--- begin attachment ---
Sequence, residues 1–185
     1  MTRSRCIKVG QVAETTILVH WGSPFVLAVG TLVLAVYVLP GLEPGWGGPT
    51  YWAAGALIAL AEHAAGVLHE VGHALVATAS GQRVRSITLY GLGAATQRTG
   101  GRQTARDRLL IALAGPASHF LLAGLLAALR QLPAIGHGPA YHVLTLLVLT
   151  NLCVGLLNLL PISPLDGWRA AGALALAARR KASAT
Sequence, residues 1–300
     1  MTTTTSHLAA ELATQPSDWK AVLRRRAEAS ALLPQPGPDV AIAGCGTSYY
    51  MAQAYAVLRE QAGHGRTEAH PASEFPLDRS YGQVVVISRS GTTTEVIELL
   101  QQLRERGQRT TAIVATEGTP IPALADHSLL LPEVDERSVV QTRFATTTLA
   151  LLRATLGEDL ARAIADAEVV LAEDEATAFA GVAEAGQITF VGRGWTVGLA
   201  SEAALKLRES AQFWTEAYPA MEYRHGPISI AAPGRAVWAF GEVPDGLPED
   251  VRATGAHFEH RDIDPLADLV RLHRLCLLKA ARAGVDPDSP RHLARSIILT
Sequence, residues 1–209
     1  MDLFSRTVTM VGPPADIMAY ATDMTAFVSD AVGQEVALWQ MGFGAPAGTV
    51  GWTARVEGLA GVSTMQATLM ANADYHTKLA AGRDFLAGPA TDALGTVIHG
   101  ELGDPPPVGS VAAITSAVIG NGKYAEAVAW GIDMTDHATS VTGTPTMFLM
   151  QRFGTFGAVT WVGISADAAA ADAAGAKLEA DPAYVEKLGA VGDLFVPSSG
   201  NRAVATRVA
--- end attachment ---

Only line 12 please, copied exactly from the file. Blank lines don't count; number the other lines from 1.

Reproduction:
   251  VRATGAHFEH RDIDPLADLV RLHRLCLLKA ARAGVDPDSP RHLARSIILT